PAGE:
Wednesday, 7 November 2007

Haciendo la compra [doing the shopping]

Shopping in Madrid is quite different from shopping in the UK or shopping in Dubai. What I mean by 'shopping' is going out to buy edible and non-edible consumable stuff. Durable stuff also counts as shopping, of course, but I don't do it several times a week so I'm not talking about that now.

Spain seems quite attached to the idea of small general stores and specialised shops sprinkled throughout the town. I have not yet found an actual shopping mall in Madrid Centro. I'm sure there are some in the burbs, but I haven't been there yet. Same goes for hypermarkets. There are a few supermercados in/near the centre. There's a Carrefour Express in Lavapiés, a dreadful Dia (remember Kwik Save in the UK? This is worse) near Chueca, and half a million El Corte Inglés's all over the place.

El Corte Inglés is a weird institution. Modelled closely on the old-fashioned English department store idea, they develop in clusters of adjacent buildings and frequently occupy numerous floors. They seem to sell pretty much everything, usually at prices that are quite a bit higher than what you wanted to pay. They probably have half a dozen clusters in Madrid, and they are present in all major Spanish towns. Oddly, they do not seem to have any competitors.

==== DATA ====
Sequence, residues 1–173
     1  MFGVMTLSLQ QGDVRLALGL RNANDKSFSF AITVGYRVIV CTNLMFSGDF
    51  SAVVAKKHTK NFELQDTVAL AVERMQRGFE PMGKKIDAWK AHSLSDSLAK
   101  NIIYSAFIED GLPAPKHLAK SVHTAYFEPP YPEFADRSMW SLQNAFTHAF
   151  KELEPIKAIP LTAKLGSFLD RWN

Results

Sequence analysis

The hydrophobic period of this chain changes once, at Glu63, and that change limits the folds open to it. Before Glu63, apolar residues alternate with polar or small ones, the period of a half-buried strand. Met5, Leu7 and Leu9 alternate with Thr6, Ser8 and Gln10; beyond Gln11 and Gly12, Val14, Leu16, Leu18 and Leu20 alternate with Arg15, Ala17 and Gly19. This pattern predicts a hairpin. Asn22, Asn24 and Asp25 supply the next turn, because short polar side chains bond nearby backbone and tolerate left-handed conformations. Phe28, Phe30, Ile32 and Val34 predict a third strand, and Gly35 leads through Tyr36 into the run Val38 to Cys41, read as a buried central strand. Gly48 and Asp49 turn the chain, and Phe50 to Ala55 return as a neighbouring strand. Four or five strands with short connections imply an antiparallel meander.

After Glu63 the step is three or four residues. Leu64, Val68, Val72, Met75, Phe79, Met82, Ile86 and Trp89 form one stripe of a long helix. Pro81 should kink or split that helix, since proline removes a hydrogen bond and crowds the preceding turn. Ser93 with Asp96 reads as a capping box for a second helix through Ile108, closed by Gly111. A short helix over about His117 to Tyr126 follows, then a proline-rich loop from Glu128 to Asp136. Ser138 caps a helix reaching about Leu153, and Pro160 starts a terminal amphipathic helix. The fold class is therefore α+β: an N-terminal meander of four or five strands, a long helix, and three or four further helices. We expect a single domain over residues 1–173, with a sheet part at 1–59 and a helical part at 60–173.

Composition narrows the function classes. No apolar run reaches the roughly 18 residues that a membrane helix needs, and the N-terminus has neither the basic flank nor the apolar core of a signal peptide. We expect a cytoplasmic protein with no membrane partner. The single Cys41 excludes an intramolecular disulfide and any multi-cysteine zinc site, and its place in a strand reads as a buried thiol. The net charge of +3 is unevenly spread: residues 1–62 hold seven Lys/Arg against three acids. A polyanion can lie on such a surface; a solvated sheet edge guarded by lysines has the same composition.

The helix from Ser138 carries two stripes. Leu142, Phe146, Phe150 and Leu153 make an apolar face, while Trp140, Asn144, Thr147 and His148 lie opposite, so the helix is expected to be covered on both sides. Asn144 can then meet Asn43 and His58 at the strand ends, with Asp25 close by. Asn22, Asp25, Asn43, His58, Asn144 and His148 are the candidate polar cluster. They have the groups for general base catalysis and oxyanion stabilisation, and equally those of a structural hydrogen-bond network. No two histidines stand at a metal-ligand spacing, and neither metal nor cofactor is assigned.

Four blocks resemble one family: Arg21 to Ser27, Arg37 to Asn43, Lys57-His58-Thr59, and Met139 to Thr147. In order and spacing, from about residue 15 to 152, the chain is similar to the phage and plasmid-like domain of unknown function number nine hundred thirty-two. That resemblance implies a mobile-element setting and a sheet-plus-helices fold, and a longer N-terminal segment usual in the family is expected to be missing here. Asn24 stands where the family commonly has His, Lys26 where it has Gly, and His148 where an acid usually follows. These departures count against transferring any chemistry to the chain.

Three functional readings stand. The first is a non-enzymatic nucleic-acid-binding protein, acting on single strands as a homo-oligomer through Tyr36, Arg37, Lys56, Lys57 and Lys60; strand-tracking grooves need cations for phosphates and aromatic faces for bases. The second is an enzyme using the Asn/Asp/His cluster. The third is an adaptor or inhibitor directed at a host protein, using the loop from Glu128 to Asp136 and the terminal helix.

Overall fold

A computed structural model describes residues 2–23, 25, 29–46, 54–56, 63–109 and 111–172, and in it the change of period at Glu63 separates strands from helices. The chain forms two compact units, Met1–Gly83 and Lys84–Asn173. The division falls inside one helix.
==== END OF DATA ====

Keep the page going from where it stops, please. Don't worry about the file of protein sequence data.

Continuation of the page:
But here's the thing. Because they are department stores, they feel obliged to position the cosmetics department inside the main entrance. This means that whenever you visit them you are assailed by this miasma of a thousand different aromas that permeates the air. Don't get me wrong, many of these aromas on their own can be quite pleasant. But put them all together and I literally want to puke. If you are ever in Madrid and you visit El Corte Inglés at Puerta del Sol, you might be able to catch a glimpse of El Git Inglés rushing around with a hankie clutched over his nose and mouth trying to get to or from the supermercado without suffering too much olfactory damage.

In the same way that UK corner shops were taken over by Asians (because they are prepared to work extremely long hours for virtually no money), many of the local alimentaciónes in Spain are run by Chinese.

1 comment:

Keil said...

Hi there Keefi B.!

I've been reading your Adventures blog for a while now but since you've moved to Spain (and now we're neighbors), I felt it was time I commented and stopped with the lurking.

Careful with El Corte Inglés. Once you get used to it, you can't get rid of it! You'll find those green triangles popping up everywhere you look.

Love the theme of Proboably Madrid. Good job!